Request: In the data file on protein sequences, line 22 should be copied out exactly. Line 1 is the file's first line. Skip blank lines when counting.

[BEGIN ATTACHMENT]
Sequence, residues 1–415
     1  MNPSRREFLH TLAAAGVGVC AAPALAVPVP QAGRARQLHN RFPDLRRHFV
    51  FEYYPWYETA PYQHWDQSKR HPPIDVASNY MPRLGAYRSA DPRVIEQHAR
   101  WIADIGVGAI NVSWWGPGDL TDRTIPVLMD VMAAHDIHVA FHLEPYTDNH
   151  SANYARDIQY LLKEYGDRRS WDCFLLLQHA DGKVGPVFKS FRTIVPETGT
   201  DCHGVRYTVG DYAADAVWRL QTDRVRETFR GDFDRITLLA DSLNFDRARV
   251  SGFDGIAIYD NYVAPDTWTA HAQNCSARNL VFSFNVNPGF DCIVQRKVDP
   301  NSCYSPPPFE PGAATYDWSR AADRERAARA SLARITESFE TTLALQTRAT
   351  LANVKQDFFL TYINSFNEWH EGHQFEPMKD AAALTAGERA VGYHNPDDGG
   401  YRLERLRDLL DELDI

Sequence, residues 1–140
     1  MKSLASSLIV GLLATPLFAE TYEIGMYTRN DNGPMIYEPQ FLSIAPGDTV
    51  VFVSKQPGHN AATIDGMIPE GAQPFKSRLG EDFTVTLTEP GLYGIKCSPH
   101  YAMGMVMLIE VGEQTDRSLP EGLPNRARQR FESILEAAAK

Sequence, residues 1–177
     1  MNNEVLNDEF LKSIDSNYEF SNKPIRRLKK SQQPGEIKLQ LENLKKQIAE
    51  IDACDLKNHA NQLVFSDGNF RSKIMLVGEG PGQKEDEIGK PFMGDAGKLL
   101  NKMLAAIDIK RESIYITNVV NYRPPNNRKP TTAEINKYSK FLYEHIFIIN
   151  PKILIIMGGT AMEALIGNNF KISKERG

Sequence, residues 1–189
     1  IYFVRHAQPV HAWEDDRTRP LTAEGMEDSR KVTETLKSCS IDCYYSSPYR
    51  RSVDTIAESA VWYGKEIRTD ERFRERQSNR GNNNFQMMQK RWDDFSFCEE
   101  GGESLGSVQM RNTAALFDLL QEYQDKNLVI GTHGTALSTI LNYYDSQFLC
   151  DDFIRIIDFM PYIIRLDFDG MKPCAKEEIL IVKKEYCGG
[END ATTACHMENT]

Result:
    51  RSVDTIAESA VWYGKEIRTD ERFRERQSNR GNNNFQMMQK RWDDFSFCEE